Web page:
He also underlined that the Italian market is open and poses no barriers. “Whoever wants to start a new business can do it in compliance with the Italian law. A typical example is that of McDonald’s, which despite being a sort of symbol of a totally different food service from the Italian typical ones, has opened in the country without problems,” he noted.
Sbraga highlighted the unique traits of the Italian market. “The Italian bar is a characteristic of Italy, there is not a similar format in other countries. First of all, here we have the tradition of drinking coffee at the bar counter. Our bars are very welcoming but generally quite small, around 60 square meters at disposal of consumers, who in general consume quickly and go,” he said.
On average, every Italian bar uses 1.2 kg of coffee every day, which means a total of around 175 cups, including both espressos and cappuccinos. And although there is a considerable price difference depending on the bars’ location and service, the average price of a coffee is just 96 euro cents (1.05 U.S. dollars).
“This makes Italy the place where coffee is the most inexpensive in the world, besides being the homeland of espresso,” noted Massimiliano Bruni, director of the food & beverage knowledge center at SDA school of management of Bocconi University in Milan.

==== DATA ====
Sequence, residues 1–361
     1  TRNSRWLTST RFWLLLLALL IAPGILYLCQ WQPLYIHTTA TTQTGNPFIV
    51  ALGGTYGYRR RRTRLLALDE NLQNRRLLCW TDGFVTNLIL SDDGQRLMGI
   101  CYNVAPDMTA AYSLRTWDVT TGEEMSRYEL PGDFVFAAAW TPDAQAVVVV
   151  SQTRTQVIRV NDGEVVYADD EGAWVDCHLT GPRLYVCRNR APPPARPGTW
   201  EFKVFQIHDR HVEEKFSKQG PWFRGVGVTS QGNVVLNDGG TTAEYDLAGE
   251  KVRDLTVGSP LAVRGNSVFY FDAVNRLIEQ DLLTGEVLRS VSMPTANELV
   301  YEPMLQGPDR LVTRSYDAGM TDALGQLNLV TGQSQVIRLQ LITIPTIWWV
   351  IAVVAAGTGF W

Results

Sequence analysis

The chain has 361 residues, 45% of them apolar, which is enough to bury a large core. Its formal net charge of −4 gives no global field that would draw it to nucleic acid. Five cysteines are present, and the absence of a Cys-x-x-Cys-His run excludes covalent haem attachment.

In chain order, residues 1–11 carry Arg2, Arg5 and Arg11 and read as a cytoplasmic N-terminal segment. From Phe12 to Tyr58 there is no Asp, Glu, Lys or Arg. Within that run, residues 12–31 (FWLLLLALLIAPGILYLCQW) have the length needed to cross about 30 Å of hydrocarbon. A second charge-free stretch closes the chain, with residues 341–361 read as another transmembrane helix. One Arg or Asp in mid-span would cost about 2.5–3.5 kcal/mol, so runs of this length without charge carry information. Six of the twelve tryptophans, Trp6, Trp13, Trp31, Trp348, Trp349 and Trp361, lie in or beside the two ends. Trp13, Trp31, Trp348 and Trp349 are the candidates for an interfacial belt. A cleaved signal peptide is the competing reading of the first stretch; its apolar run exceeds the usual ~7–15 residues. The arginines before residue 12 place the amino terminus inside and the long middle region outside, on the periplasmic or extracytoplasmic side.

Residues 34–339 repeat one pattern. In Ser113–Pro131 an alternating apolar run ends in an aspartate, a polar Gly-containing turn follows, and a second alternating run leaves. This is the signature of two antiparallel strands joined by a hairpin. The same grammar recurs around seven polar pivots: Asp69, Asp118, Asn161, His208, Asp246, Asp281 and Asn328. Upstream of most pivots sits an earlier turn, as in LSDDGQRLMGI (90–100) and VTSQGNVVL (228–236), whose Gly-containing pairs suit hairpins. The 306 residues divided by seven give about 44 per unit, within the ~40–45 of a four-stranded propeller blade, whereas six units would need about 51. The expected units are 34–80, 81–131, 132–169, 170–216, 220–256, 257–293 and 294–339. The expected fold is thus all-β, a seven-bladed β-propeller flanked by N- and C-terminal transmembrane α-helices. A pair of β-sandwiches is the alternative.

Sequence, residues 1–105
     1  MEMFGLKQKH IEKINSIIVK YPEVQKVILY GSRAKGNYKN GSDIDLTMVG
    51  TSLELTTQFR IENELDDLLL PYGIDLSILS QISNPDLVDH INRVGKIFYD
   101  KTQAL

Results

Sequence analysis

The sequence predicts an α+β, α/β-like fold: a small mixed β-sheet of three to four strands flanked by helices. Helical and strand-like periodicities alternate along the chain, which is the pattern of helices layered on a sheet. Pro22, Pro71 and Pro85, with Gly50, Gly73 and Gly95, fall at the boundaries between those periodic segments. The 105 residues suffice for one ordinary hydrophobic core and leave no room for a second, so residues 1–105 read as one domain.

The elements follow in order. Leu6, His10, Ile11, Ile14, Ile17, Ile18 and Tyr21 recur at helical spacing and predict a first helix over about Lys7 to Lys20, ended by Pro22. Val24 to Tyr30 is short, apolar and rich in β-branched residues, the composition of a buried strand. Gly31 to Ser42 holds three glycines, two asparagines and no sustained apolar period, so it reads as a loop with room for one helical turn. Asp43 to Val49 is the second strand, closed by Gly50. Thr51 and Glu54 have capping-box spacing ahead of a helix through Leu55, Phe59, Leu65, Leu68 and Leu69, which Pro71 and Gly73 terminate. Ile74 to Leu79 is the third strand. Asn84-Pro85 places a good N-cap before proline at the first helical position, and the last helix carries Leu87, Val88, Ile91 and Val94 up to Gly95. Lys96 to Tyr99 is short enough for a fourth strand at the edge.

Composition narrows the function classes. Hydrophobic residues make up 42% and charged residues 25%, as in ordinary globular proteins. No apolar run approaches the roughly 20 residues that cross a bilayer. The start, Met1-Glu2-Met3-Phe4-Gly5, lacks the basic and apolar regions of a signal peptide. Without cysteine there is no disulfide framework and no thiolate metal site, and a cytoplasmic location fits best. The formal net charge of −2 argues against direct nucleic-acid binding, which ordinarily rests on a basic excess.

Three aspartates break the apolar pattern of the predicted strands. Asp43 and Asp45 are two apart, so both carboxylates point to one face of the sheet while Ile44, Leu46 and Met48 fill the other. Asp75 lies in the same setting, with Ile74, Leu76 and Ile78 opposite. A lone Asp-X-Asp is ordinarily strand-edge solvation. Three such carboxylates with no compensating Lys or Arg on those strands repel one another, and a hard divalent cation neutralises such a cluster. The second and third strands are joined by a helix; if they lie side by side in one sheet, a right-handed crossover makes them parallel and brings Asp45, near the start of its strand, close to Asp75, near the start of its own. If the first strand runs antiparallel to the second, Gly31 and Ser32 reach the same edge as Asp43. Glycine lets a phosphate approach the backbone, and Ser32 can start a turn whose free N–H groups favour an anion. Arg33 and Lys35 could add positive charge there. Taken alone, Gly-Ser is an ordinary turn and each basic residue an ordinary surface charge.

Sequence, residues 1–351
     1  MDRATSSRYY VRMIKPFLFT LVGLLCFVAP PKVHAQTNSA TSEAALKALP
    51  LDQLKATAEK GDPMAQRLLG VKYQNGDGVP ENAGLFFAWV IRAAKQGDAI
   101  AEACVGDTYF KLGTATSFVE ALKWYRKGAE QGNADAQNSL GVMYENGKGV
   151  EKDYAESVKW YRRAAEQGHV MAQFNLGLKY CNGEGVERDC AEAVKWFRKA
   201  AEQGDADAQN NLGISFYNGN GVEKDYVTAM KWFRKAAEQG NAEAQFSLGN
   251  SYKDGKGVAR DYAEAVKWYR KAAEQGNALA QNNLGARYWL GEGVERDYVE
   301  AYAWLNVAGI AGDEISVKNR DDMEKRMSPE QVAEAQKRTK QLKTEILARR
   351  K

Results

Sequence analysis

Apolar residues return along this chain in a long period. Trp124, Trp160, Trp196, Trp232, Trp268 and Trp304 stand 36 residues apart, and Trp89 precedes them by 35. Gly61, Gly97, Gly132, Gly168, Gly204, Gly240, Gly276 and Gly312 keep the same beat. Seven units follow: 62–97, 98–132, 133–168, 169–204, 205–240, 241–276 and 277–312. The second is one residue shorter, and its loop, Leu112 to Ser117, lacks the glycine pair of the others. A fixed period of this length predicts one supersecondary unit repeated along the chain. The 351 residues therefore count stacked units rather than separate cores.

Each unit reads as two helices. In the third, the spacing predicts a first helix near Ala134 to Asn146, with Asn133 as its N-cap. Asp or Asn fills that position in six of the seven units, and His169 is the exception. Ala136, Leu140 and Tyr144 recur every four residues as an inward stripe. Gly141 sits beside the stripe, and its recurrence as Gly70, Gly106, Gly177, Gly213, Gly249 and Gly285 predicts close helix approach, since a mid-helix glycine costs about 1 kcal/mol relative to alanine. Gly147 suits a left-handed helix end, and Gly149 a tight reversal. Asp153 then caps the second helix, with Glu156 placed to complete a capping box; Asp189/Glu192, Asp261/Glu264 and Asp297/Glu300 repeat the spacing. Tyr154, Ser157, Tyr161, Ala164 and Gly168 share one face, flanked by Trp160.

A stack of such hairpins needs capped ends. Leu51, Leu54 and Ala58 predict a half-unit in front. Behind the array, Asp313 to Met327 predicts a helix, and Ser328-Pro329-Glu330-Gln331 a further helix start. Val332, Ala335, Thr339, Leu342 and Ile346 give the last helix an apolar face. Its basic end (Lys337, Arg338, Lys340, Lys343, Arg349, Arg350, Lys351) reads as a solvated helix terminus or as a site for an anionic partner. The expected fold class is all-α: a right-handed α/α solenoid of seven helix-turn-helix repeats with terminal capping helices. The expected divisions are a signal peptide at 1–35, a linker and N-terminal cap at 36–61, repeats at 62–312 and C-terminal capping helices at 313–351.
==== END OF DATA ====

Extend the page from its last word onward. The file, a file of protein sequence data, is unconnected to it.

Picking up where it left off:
In order to be profitable and sustainable in a new market, the American chain needs a sufficient number of points of consumption, as well as the possibility to train staff and manage a series of issues, according to Bruni, who talked to Starbucks some two years ago about the opening of stores in Italy.
“I guess it would not be worth opening in Italy with less than 20-25 points of consumption. In addition, Starbucks’ pricing is decisively higher than that of Italian bars, with a coffee at Starbucks costs no less than 3 euros,” he said.
Nevertheless, Starbucks was reportedly considering seeking cooperation with the Percassi business company, a leading Italian retailer, to open stores in the country. Percassi declined to comment on this issue earlier this week.
“The cooperation makes sense because Percassi is present in shopping malls and outlets, where people are likely to consume coffee,” Bruni said.
According to Bruni, Starbucks has three business models in the world: an ownership model, a partnership model with one of more local business developers – which would apply to possible collaboration with Percassi – and a license model – like the one of Autogrill, which operates Starbucks in many airports.
“There have been reports of a possible collaboration between Starbucks and Percassi months ago, so should something happen, we are likely going to find out during this year,” said Bruni.
He added that he still has some doubts on whether the Starbucks business model can be successful in Italy in the medium or long term.
“The success in the first months could be a result of consumers’ curiosity, but we are looking at years and years of turnover. I find it difficult to imagine many cities ready to host Starbucks in Italy, and in fact this is the reason why Starbucks has been hesitating so long,” he said.